Charles Robert Maturin Essay - Critical Essays


In his preface to Fatal Revenge, Charles Robert Maturin stresses the fear of the unknown as essential in the emotional and spiritual lives of humans: It is not the weak and trivial impulse of the nursery, to be forgotten and scorned by manhood. It is the aspiration of a spirit; ’it is the passion of immortals,’ that dread and desire of their final habitation.

In one of his sermons, he focuses on the same theme: The very first sounds of childhood are tales of another life—foolishly are they called tales of superstition; for, however disguised by the vulgarity of narration, and the distortion of fiction, they tell him of those whom he is hastening from the threshold of life to join, the inhabitants of the invisible world, with whom he must soon be, and be for ever.

These quotations indicate a major aspect of Maturin’s perception of human existence; the haunted and the sacred are interwoven and share a common ground. Human fascination with the supernatural, the world of demons and ghosts, springs from the same source as the desire to believe in salvation and a return to paradise. In fact, the road to salvation leads through the dark places of the soul where individuals must admit their fallen state, their own guilt.

The theme of guilt is common in all of Maturin’s novels. His major characters must struggle with the serpents in their own hearts, their own original sin. In keeping with this theme, the settings of his novels are generally those of a fallen world; dungeons and underground passages are common backgrounds for the action. Even in those novels that contain descriptions of more natural surroundings, storms and earthquakes are common occurrences, always reminding people that they have been exiled from paradise. Harmony with nature, with humanity, and with God has been lost.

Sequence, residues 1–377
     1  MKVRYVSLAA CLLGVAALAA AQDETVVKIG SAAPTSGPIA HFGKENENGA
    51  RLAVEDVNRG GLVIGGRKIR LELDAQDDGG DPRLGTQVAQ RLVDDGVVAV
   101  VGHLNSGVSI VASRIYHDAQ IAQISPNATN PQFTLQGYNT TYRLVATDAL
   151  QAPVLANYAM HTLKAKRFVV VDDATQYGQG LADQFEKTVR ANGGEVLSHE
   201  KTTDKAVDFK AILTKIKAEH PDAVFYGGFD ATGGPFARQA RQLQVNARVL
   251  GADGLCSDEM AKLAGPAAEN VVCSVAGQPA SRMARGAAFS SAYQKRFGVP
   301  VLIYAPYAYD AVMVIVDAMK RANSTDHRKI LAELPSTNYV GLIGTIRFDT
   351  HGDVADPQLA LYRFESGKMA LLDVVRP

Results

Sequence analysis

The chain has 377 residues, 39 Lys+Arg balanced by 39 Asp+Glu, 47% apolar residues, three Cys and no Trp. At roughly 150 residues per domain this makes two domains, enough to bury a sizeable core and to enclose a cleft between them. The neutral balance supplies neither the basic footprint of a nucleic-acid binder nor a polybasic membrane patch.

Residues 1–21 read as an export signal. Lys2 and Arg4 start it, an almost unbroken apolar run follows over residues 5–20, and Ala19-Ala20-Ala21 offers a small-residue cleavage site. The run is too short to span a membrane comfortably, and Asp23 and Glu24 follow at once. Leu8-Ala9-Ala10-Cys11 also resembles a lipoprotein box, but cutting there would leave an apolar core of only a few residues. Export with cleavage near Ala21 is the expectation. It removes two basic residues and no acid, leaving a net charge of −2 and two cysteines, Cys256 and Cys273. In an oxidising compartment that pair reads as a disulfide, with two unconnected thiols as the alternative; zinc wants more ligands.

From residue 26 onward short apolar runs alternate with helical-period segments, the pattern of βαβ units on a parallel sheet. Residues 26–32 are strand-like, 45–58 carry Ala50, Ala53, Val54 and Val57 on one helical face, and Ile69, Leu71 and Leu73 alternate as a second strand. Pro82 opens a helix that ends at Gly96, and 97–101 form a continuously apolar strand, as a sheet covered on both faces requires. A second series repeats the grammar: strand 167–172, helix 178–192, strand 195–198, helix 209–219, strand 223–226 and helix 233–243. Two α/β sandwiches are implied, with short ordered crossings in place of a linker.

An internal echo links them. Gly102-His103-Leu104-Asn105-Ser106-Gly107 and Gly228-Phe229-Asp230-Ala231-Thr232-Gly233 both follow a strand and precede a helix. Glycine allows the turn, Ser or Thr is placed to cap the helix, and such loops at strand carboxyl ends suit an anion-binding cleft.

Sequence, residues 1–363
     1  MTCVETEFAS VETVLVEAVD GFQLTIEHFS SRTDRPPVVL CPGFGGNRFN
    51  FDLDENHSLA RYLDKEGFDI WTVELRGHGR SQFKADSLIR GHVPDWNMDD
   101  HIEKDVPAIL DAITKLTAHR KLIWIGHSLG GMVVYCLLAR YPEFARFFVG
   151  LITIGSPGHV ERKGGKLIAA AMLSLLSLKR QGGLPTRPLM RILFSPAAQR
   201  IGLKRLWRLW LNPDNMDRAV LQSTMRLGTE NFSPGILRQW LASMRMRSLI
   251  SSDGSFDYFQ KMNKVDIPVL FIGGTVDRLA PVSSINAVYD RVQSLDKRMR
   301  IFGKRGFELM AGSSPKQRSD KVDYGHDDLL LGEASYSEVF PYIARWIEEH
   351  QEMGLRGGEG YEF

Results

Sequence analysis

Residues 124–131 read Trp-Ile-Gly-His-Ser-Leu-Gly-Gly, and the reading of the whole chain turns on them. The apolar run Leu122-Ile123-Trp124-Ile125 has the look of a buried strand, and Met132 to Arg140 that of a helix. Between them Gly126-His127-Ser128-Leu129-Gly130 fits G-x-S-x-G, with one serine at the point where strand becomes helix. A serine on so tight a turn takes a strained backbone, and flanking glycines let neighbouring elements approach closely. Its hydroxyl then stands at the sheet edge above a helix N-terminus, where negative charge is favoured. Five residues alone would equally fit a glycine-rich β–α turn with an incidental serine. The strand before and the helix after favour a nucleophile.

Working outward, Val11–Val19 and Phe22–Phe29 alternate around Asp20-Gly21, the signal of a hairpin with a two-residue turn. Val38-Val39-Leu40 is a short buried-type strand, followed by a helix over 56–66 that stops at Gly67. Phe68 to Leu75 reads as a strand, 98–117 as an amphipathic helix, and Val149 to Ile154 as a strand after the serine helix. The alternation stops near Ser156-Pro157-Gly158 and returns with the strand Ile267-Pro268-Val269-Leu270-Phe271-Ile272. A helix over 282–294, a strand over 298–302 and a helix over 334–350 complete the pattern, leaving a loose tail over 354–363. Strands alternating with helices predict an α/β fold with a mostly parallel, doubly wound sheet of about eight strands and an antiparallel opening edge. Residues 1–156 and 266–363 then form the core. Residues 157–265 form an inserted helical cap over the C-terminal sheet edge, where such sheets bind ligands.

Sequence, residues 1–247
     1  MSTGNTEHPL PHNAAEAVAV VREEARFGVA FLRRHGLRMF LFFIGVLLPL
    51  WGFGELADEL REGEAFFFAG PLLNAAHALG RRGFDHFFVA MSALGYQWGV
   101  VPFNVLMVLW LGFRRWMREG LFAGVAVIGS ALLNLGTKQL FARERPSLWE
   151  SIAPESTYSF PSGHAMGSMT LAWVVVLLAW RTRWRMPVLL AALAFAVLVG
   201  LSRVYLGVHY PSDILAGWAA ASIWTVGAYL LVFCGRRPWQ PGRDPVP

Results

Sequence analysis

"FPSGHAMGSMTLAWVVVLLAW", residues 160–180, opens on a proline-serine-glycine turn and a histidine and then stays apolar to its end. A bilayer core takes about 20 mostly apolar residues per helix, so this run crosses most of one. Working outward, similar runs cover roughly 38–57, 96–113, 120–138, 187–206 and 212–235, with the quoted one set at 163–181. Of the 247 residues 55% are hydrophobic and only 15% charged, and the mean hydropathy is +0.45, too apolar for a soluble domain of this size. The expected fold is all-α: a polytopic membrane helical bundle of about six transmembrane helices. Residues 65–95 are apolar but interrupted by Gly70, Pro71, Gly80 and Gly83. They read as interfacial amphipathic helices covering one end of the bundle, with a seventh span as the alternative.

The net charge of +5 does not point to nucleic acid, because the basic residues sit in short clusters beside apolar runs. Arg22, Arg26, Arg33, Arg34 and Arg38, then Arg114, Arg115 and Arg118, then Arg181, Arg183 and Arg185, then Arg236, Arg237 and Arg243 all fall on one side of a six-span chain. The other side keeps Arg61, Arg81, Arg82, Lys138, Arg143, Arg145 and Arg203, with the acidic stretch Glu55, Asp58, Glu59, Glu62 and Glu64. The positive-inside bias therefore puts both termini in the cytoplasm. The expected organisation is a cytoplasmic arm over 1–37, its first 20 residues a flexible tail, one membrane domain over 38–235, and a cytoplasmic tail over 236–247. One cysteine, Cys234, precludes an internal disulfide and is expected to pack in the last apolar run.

Maturin develops this theme of guilt, which brings exile and separation, through his handling of character. The divided nature of humanity is represented by the pairing of characters, especially brothers: Ippolito and Annibal in Fatal Revenge, Connal and Desmond in The Milesian Chief, Paladour and Amirald in The Albigenses. These brothers are described in such a way as to suggest one identity fragmented into two opposing selves. Ippolito is passionate, Annibal rational; Desmond is the soft flower, Connal the proud oak. Often a character is torn in two opposing directions and does not know how to reconcile them: Connal between his Irish pride and his realization that the Irish peasants are not yet ready to govern themselves; Charles in Women between his love for Eva, a shy quiet girl, and Zaira, a worldly and more accomplished woman. At times, a character seems pursued by a dark, sinister double: Montorio by Schemoli in Fatal Revenge; Alonzo by the parricide in Melmoth the Wanderer. By far the most striking and powerful example of this is the character of the wanderer himself. Melmoth represents the potential for evil that can be found in all humans. In developing Melmoth’s character, Maturin echoes the warning in Genesis against too much curiosity about the tree of knowledge of good and evil. Melmoth has sold his soul for increased knowledge; his sin is one of “pride and intellectual glorying,” the sin of Lucifer and of the first mortals.